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World's Fastest Man

Photo Credit: Nick Webb

Usain Bolt is a phenomenal athlete. He’s the fastest man in the World. He’s the fastest person who has ever lived (according to all records we have).

He currently holds the World Record for the 100m sprint at just 9.58 seconds (achieved in Berlin in 2009, beating his own previous record of 9.69 seconds at the 2008 Olympic Games in Beijing).

Running 100m

Remember back to high school Physics?

Recalling back that speed = distance / time, we can work out Usain’s speed during this race, right?

If he covered the 100m in 9.58 seconds, that’s a speed of 100/9.58 = 10.44 m/s (which is 23.35 mph), right?

Well, sort of …

23.35 mph is certainly Usain’s average speed over the race, but as you can appreciate, he does not run at this rate for the entire race.

Usain starts at rest, so he has to accelerate to build up his speed. He does not instantly start to run at 23.35 mph out of the blocks!

Also, there is his reaction time. After the gun fires, even the most alert, focused and dynamic individual needs time to hear, process, and react. Even with fighter pilot reflexes there is a delay from when the race starts until the body can respond.

Both these above facts mean that Usain will need to run, at times, faster than 23.35 mph to create this average speed.

Just what does a top sprinter's speed profile look like …

Distribution of Speed

Segment (m)Time (s)
0-101.85
10-201.02
20-300.91
30-400.87
40-500.85
50-600.82
60-700.82
70-800.82
80-900.83
90-1000.90

To the left is a table of split times for Usain’s Olympic Gold Medal race in the 2008 Beijing Olympics [Data courtesy SpeedEndurance.com].

The time required to travel each 10m section is shown (in seconds).

This data was obtained from analysis, frame-by-frame, of high speed video recorded at the event.

Here is the data plotted as a histogram:

As you can see, the first 10m of the race takes over twice as long as a 10m segment in the middle of the race. It is in this first section that Usain is reacting to the starting gun and then accelerating his body to warp speed.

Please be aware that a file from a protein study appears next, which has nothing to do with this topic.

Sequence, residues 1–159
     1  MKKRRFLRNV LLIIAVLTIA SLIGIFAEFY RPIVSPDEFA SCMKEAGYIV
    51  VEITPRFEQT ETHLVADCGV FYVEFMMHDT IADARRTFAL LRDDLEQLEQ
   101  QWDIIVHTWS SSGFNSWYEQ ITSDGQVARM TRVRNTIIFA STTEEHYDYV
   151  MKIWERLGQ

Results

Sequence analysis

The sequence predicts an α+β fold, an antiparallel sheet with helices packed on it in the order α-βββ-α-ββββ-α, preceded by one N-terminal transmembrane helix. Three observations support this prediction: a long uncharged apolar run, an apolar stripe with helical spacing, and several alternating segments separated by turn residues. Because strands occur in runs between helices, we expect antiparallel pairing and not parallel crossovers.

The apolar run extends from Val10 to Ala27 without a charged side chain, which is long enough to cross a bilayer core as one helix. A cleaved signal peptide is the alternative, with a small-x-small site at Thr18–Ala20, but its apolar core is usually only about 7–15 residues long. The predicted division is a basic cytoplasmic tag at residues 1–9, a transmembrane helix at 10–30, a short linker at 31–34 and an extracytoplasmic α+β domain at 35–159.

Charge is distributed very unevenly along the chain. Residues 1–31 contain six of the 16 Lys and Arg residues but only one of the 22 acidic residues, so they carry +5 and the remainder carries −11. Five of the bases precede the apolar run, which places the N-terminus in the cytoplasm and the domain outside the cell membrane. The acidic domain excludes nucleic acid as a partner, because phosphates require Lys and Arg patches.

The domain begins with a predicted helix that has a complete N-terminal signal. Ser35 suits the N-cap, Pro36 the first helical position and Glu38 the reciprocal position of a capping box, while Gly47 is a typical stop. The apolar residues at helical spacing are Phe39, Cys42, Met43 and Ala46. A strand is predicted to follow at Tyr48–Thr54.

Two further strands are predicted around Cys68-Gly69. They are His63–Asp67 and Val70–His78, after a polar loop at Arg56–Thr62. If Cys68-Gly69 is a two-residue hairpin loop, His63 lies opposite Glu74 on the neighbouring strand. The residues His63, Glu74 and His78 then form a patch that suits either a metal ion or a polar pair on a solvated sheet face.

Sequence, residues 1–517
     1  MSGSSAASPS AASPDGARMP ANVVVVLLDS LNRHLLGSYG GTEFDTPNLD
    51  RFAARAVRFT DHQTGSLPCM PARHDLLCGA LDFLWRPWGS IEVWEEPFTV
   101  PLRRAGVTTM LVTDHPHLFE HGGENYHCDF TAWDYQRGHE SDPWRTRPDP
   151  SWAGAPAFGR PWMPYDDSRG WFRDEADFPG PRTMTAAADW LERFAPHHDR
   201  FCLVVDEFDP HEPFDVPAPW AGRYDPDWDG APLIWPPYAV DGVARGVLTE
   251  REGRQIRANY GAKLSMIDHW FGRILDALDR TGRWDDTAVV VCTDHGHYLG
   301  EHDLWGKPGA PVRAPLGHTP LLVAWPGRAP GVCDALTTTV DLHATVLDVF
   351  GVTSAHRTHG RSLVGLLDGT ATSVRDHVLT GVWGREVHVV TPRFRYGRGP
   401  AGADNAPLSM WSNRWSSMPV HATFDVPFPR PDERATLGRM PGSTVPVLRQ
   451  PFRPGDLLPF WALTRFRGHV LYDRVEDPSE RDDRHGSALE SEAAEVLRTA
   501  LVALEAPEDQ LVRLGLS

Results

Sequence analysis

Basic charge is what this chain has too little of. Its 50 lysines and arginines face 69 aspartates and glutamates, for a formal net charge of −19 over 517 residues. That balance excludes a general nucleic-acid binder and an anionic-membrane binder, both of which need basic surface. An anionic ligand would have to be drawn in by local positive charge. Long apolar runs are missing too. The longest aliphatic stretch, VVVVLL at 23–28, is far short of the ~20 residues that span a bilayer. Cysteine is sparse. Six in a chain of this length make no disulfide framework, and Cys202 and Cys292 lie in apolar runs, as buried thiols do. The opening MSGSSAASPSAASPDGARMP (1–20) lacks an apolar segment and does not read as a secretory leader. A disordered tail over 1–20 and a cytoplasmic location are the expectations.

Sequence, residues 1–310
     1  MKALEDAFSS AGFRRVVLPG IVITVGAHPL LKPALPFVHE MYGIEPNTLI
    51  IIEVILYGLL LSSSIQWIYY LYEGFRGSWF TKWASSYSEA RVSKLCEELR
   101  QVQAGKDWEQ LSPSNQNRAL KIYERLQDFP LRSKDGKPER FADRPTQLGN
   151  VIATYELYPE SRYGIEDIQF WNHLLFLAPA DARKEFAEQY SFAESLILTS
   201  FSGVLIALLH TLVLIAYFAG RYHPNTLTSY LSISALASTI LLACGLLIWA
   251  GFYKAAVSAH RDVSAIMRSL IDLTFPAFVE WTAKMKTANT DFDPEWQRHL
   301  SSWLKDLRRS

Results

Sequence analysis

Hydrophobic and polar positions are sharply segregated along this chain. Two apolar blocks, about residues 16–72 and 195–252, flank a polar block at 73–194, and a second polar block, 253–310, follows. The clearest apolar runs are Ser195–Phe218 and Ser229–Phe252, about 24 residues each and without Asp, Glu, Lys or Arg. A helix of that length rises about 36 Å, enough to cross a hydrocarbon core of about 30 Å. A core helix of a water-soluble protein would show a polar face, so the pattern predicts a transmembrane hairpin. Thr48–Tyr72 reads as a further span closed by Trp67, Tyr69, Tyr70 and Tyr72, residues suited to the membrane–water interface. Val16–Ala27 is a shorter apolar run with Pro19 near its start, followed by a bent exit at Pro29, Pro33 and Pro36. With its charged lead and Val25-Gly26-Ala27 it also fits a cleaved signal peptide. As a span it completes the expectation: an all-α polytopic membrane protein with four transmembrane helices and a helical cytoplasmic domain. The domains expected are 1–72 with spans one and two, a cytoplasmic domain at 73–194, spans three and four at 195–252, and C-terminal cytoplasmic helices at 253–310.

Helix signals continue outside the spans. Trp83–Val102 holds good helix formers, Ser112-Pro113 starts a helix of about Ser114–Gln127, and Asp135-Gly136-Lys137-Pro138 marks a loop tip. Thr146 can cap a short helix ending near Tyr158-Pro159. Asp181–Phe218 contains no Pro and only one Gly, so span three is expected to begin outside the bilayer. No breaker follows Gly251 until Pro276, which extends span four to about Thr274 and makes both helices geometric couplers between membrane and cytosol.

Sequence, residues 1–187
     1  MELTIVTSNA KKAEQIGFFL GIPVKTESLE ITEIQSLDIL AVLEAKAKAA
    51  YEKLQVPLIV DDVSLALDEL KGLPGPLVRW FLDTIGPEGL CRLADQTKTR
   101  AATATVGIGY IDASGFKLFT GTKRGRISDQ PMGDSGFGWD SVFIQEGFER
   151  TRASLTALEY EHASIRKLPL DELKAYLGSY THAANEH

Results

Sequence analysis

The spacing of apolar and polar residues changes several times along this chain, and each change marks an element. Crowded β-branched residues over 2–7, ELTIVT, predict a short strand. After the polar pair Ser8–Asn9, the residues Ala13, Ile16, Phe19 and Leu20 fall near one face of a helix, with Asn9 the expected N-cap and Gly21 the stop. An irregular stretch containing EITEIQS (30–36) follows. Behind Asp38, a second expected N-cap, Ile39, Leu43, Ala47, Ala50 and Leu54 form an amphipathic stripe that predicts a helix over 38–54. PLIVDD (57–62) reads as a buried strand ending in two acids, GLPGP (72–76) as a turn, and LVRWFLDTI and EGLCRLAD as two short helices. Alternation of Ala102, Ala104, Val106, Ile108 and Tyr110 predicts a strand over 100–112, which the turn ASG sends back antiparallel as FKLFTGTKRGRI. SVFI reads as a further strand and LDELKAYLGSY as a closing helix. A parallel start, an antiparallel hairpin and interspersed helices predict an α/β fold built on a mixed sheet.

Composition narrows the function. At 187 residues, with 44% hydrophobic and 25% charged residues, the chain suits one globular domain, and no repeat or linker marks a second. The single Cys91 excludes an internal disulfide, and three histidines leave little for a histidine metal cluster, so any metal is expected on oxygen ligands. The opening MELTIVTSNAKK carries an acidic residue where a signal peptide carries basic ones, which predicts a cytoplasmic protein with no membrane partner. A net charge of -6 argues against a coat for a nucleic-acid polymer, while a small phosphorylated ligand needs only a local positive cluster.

Each subsequent 10m section (up until 80% of the race) is covered at a faster and faster pace as Usain really gets into his stride.

Finally, in the last 20m, there is a slight reduction in speed (the segments taking a little longer). This is Usain backing off slightly once he is assured of the victory. If you look at the video of his victory you can see that he even slows down enough to give a slight victory celebration.

SegmentTime (s)Speed (ms-1)Speed (mph)
0-101.855.4112.09
10-201.029.8021.93
20-300.9110.9924.58
30-400.8711.4925.71
40-500.8511.7626.32
50-600.8212.2027.28
60-700.8212.2027.28
70-800.8212.2027.28
80-900.8312.0526.95
90-1000.9011.1124.85

The table on the left shows the average speed calculated over each 10m segment. The speed is show in both m/s (for my Metric friends), and in MPH (for everyone else).

You can see in the middle of the race how Usain achieved a speed of over 27 mph!

Below is a graph of this speed data. You can see the acceleration, the build up of speed to a plateau, followed by the slight fall-off at the end of the race.

Theoretical Max

What is the theoretical shortest time that Usain could cover a 100m course?

As we can see, the things that drag his transit time down are the start of the race (reaction time and acceleration region), and at the end of the race, during his (well deserved) showboating!

What if we removed these restrictions and started the timing based on a rolling start? Just like NASCAR; we let Usain start running, get up to speed, and only then pass the start line. If we encouraged him to carry on running through the finish line without slowing down (like running through First Base in baseball), what would the time be?

Looking at the above speed curve, if we say that Usain as 'at speed' when he reaches a velocity of 11.5 m/s, we can give him a lead-in acceleration lane of about 30m. Assuming he had a good breakfast and can keep this speed up over the entire course, (maybe we trick him and put a 'fake' finish line 20m beyond where we really stop timing him to encourage him to keep on running!) He could, theoretcally, cover 100m in approx 8.7 seconds!

(This running start idea is not quite as contrived as it sounds. This is what happens in the relay race.)

Move over Usain

Photo Credit: RyanTaylor1986

Usain may be insanely fast, but he’s not the fastest animal on the land.

That honor goes to the Cheetah (Acinonyx jubatus), a large feline found in Africa and Asia. These endangered cats have been clocked at over 75 mph (and have been recorded as accelerating from 0-100 kph (62 mph) in under three seconds; that’s Bugatti Veyron territory).

So a cheetah can out-pace Usain, but if he had a head-start, Usain could probably out-run the animal. After a couple of hundred yards the cheetah will run out of steam. With a sufficient head start, Usain could get a way … probably …

For more fascinating animal speed facts, go here. For instance, did you know that an Ostrich can jog at over 30 mph for over half an hour? Or that a Peregrine Falcon can achieve speeds in excess of 240 mph in a dive?

Check out other interesting blogarticles here.

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